At the Labor Day farmers market, Jade buys cherries: black, ripe, overpriced. On the bus ride home, she eats half of them. She bites each cherry open, teases the pit out with her tongue (stem sticking out of her mouth like a cigarette, wide guileless grin), and spits it into her palm, storing the fruit in her cheek. The pit and stem go in her skirt pocket.
Rose takes one cherry. It is stemless, firm. She sucks at the peel, then the flesh, then the pit.
Dark red stains Jade's mouth and fingers. Sticky juice spots her chin, her wrists, her dress. By the time they disembark, her skirt pocket's bulging with pits. (To be fair, it is a rather small pocket.)
Three flights' trek, a moment of panic when Jade thinks she's lost the key (she hasn't), and they're home. Rose goes to shower off her sweat in the single bathroom--the September heat does no favors for one with her genetic makeup--and Jade puts the groceries away.
Usually the water takes a while to heat, but the cracked mirror fogs within minutes. Rose watches her reflection haze over. Her hair is soaked before she steps into the shower.
Matted black hair blocks the drain. She toes it aside, steps under the lukewarm spray. The water pressure here is atrocious. She reaches for the nearest bottle without thinking, then remembers the rosemary mint shampoo Jade chose for her. (I couldn't find a rose one, but I think this suits you, she said. Jade's own shampoo is gardenia.)
Rose lathers her hair methodically, closes her eyes, and lets the water run. She does not picture Jade here, humming within a cloud of flower-smell. She does not dwell on the warmth of Jade's skin, or the fluid silk of her hair. She certainly doesn't imagine flushed cheeks or gleaming curves, or messy kisses slick with cherry-tongue. In fact, she thinks of very little at all.
Jade is attending polytechnic school. She brings a new person home every week, though most don't return once they realize she's only after friendship. About half attempt to chat up her quiet, spooky roommate.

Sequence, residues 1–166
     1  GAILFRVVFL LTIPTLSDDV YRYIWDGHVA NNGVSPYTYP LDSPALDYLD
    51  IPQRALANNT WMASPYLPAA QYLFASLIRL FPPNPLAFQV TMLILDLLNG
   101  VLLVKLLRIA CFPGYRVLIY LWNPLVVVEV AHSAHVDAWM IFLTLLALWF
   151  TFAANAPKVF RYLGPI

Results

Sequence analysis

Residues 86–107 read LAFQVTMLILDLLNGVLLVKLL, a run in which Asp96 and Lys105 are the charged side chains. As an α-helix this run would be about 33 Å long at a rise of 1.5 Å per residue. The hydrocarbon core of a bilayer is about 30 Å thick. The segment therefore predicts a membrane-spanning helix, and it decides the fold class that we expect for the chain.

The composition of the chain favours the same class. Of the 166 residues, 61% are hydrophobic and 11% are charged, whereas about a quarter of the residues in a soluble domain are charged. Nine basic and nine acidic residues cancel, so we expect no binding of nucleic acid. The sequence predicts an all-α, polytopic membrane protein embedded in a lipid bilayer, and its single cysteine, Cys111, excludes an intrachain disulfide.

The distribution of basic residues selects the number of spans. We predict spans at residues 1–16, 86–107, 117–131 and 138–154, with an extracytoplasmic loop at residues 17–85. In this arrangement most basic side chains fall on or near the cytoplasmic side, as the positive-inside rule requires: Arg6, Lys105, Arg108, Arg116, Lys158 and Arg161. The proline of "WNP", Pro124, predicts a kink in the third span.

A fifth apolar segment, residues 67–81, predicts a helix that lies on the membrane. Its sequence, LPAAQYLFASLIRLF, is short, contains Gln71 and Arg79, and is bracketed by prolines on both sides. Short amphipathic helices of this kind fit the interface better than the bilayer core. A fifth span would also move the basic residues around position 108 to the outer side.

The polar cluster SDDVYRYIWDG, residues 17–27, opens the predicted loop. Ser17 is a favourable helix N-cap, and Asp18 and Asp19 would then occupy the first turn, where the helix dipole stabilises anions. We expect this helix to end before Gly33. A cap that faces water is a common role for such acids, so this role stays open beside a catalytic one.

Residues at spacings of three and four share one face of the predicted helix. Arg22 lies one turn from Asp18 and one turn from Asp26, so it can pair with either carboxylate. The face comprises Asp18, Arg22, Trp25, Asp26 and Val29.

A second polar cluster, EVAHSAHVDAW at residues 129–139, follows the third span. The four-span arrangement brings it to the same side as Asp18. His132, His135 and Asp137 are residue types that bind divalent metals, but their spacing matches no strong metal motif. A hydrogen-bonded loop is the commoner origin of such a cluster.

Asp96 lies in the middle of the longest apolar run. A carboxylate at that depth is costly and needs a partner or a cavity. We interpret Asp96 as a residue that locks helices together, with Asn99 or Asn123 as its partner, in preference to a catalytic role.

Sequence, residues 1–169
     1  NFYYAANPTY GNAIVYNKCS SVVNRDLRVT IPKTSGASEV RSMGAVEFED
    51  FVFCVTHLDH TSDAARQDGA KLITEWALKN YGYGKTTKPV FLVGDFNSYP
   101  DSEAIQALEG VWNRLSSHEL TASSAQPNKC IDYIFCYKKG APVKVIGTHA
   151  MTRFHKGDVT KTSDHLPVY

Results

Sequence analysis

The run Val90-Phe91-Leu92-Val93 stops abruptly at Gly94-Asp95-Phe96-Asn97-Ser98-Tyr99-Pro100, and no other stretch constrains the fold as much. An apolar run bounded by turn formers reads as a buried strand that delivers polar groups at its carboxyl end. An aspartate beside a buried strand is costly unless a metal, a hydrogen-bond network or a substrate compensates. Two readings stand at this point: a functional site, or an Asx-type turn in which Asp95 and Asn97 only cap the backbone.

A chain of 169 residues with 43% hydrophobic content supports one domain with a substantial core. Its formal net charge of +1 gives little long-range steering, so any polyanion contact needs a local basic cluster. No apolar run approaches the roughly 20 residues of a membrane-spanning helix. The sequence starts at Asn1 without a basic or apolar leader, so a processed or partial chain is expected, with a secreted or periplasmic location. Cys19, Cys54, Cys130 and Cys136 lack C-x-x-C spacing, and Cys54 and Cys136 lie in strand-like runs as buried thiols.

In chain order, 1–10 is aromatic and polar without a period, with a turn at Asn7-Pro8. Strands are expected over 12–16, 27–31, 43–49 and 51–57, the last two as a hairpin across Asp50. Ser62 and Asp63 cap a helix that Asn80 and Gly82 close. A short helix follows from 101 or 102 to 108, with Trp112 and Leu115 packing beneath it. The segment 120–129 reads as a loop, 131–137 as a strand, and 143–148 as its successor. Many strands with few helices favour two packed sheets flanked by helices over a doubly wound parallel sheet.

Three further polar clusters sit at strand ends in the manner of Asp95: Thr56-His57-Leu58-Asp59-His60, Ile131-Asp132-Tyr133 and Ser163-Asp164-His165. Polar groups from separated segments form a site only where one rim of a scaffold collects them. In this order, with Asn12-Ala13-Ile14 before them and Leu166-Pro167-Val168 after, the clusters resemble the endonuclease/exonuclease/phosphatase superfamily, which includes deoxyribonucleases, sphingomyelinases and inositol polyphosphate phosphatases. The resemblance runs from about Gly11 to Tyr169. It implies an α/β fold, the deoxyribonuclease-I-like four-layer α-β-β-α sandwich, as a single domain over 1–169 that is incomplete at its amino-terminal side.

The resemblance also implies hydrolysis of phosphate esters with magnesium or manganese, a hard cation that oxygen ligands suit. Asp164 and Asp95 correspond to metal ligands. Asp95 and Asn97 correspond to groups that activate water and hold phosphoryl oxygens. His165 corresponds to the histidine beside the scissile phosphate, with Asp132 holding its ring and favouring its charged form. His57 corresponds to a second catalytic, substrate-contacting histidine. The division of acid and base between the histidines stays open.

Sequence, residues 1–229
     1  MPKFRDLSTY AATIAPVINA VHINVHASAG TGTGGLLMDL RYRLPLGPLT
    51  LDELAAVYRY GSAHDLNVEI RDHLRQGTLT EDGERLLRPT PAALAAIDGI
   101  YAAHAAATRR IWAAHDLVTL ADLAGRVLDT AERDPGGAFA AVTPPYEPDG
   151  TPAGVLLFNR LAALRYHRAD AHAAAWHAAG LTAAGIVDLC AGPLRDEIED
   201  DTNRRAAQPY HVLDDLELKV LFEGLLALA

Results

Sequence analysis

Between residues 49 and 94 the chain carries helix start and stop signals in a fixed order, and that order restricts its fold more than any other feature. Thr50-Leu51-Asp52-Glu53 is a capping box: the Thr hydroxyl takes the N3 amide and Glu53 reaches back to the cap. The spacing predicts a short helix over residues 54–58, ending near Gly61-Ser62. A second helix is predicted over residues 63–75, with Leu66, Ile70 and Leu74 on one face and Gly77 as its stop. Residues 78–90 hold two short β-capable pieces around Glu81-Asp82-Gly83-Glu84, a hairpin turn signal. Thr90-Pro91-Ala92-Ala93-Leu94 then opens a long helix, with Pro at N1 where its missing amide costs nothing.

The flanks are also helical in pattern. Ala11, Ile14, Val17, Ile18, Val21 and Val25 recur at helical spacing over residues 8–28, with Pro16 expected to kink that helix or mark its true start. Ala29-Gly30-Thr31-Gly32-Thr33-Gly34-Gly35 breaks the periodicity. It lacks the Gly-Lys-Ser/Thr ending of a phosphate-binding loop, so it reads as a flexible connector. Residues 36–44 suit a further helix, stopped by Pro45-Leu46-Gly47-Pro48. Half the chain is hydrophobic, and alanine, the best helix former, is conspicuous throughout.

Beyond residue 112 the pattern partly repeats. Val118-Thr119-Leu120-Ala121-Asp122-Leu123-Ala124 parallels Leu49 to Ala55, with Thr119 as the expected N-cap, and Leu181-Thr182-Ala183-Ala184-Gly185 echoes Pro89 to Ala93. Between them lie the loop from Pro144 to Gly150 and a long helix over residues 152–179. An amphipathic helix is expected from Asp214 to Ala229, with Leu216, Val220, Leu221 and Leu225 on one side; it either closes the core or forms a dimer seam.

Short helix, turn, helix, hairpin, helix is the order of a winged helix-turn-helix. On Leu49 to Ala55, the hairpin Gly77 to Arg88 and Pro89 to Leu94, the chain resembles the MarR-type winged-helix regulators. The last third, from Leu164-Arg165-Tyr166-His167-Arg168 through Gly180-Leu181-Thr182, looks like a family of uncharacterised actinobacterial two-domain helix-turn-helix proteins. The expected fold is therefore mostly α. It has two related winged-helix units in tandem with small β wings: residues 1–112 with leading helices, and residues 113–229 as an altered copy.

"So, uh, what do you do?" they invariably ask.
Rose lets Jade answer first. "Rose is finding herself!"
"What she means to say, is that I'm neither enrolled nor employed in any meaningful capacity."
At this point, Jade usually doofs her. If the friend is entertaining enough, Rose might chat for a few more minutes. Otherwise, she's off to the shared bedroom, to read or drink or feverishly knit.
When she Sees, nowadays, it is always through the bottom of a glass.
Jade shaves her head midway through October, in what Rose can only assume is a bizarre stab at one-upmanship. Decade plus of a pageboy cut aside, she's been outmaneuvered. How much further can one go, beyond plucking each hair out at the root or sarcastically undergoing chemotherapy? (Not that she'd seriously consider the latter. The ironically offensive is more Dave's province.)
She is further confused, and then enlightened, the week before Halloween, when Jade brings home a blue costume wig.
"You don't need to be bald to wear a wig, Jade. They're designed to accommodate hair."
Embarrassment flashes across Jade's face. "...hahaha, Rose. I knew that!"
"Haha! But I was gonna say, you should come to this party with me." She turns her best smile on Rose, and Rose--though she's seen that smile dozens of times, though she herself possesses not inconsiderable feminine charm and is familiar with its application, and though she as a rule at least mildly dislikes most of humanity--cannot help but accept the invitation.
It turns out the blue wig is for a Sailor Mercury costume. Jade watches a whole season to "get into character," and coaxes Rose to dress as Minako. "You don't even need a wig, really!" But Rose stands firm, and so acquires cat ears and a tail.
The party is five miles down the road ("So we can walk back, if we really have to.") The house where it's held is almost laughably ill-kept. Jumbled-up possessions line the halls, and the black sheets draped over the living room couches don't conceal their torn and soiled upholstery.